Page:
Rajasthan Board‌ ‌Class‌ ‌10‌ ‌Social‌ ‌Science‌ ‌2016 ‌Question‌ Papers‌ ‌With‌ ‌Solution‌ ‌in‌ ‌PDF‌‌

Rajasthan Board Class 10 previous year question paper solutions of 2016 are considered as a useful resource for students. It helps students to get a hand of the real question paper. Solving the previous year question papers will help students to measure their preparation level and also improve their knowledge. The Class 10th previous year question papers provide an idea of the question paper pattern, important topics, types of question asked, weightage of marks allocated for each section, etc. Preparing for the board exams on the basis of the RBSE Class 10 Social Science Previous Year Question Paper 2016 with Solutions will help the students to ace the exams.

Students are advised to solve at least 2-3 years of previous question papers as there is a chance that few questions might be repeated in the final exam. Previous year question papers also boost the confidence level of the students and teach them time management skills. Refer to these solutions solved by subject professionals while solving the Rajasthan Board‌ ‌Class‌ ‌10‌ ‌Social‌ ‌Science‌ ‌2016 ‌Question‌ Papers. Students can download free pdf of the solutions from the given link below.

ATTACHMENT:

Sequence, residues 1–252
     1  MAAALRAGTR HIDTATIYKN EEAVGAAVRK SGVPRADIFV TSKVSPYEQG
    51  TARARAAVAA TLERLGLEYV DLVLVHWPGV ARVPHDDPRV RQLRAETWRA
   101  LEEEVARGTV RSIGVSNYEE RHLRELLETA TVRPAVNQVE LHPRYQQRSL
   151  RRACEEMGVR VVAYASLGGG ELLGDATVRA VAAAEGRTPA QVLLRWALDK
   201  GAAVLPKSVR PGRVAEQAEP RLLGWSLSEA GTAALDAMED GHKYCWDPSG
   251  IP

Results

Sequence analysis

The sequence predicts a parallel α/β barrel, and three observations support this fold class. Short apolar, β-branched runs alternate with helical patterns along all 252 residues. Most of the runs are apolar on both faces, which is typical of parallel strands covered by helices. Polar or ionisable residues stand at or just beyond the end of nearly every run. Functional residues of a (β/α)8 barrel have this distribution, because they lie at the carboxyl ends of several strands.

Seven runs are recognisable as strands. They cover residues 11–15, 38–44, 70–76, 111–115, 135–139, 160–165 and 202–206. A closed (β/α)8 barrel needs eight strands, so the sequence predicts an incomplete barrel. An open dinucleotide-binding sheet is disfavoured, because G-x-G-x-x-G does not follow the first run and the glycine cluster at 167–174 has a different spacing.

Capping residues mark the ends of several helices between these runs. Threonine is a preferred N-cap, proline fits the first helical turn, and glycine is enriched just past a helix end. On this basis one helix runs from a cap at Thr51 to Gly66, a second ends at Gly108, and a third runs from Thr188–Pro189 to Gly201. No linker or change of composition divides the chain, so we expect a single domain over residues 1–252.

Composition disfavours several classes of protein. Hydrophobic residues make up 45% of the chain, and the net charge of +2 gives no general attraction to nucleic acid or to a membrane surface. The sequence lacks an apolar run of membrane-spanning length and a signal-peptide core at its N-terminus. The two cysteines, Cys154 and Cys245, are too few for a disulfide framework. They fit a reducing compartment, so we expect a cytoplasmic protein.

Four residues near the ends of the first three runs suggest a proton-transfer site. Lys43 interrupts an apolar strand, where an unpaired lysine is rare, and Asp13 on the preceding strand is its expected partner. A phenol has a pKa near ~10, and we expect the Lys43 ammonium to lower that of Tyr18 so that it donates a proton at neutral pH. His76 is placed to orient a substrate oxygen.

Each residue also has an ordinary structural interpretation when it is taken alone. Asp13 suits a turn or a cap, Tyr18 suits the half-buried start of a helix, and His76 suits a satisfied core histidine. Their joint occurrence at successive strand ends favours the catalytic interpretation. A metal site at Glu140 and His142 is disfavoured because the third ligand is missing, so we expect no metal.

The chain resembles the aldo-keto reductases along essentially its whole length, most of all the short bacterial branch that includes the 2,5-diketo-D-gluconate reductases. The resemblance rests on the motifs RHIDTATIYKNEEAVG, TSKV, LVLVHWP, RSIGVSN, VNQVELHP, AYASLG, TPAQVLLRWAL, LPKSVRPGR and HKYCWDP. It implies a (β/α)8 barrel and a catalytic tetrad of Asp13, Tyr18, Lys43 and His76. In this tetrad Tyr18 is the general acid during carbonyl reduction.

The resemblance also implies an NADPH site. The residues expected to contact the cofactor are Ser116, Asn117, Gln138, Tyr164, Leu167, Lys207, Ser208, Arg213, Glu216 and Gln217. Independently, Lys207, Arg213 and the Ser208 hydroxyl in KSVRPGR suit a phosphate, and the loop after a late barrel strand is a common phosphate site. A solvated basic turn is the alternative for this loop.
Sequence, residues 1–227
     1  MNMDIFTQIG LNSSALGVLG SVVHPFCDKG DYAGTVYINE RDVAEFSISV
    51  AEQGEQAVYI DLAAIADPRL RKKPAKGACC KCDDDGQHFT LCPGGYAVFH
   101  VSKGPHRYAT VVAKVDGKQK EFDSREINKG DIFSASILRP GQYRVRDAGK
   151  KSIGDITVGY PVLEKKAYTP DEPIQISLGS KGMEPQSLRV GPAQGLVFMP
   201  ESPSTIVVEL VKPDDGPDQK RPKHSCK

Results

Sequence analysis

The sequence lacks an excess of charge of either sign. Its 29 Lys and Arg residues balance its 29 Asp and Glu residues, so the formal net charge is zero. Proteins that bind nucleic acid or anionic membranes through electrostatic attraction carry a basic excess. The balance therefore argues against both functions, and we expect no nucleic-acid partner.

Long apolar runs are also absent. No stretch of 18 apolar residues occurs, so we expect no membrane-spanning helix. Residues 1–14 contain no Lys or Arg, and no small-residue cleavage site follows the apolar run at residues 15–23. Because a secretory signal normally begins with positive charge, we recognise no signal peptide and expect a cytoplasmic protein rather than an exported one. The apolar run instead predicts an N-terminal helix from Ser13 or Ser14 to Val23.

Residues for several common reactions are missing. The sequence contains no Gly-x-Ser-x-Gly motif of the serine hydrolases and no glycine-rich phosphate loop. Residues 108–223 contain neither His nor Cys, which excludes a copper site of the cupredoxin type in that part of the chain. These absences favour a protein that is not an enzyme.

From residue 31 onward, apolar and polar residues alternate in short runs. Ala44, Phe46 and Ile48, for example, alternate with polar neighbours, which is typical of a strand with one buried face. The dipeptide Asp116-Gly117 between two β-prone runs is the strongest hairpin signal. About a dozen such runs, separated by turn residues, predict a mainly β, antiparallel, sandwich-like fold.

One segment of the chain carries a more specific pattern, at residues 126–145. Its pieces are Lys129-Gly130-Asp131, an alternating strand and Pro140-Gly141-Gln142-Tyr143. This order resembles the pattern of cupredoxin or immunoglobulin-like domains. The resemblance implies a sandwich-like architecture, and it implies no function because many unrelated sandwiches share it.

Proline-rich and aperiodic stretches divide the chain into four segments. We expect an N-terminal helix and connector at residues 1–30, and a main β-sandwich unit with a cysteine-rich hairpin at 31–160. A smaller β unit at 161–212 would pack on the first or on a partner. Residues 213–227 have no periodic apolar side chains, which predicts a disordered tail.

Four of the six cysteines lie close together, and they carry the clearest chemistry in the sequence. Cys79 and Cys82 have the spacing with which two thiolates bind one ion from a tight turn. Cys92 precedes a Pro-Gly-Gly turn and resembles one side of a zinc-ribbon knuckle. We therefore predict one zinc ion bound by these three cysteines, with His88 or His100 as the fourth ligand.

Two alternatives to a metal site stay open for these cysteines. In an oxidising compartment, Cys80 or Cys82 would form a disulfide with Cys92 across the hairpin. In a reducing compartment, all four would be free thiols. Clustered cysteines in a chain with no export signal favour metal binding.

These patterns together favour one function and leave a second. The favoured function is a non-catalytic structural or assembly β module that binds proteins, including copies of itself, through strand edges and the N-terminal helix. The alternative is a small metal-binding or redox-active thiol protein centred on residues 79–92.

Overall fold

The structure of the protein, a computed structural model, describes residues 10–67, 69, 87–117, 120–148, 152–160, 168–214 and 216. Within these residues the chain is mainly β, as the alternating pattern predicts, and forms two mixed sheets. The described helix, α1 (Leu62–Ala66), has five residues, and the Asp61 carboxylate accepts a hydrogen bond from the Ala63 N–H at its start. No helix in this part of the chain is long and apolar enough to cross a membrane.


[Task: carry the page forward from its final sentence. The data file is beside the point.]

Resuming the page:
Rajasthan Board‌ ‌Class‌ ‌10‌ ‌Social‌ ‌Science‌ ‌Question‌ ‌Paper‌ ‌2016 ‌with‌ ‌Answers‌ ‌–‌ ‌Free‌ ‌Download‌

Download‌ ‌RBSE Board‌ ‌2016 ‌Social‌ ‌Science‌ ‌Question‌ ‌Paper‌

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Rajasthan Board‌ ‌Class‌ ‌10‌ ‌Social‌ ‌Science‌ ‌Question‌ Paper With‌ ‌Solution‌ ‌2016

RBSE Class 10 Social Science Question Paper Solutions 2016 PDF
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1. Who says “we did not wish to glorify the cult of the bomb and pistol but wanted a revolution in society.”

Answer: Bhagat Singh

2. In which form of government, ‘dignity of individual’ is best protected?

Answer: Democratic form of government.

3. Write the meaning of per capita income.

Answer: Per capita income measures the average income earned by a person in a given area in a specified year. It is calculated by dividing the area total income by its population

4. Write any two intermediate goods for the production of biscuits.

Answer: Flour and milk

5. What is investment?

Answer: Investment refers to the expenditure incurred by producers on the purchase of capital goods such as machinery, plant, etc.

6. What is the alternative name of Consumer Protection Act 1986?

Answer: Consumer Protection Act, also known as COPRA.

7. When and between whom Poona Pact signed?

Answer: The Poona Pact signed between Dr. Babasaheb Ambedkar and Mahatma Gandhi signed on 24 September 1932 at Yerwada Central Jail in Pune, India.

8. What is meant by sustainable development?

Answer: Sustainable development can be defined as an approach to the economic development of a country without compromising the quality of the environment for future generations.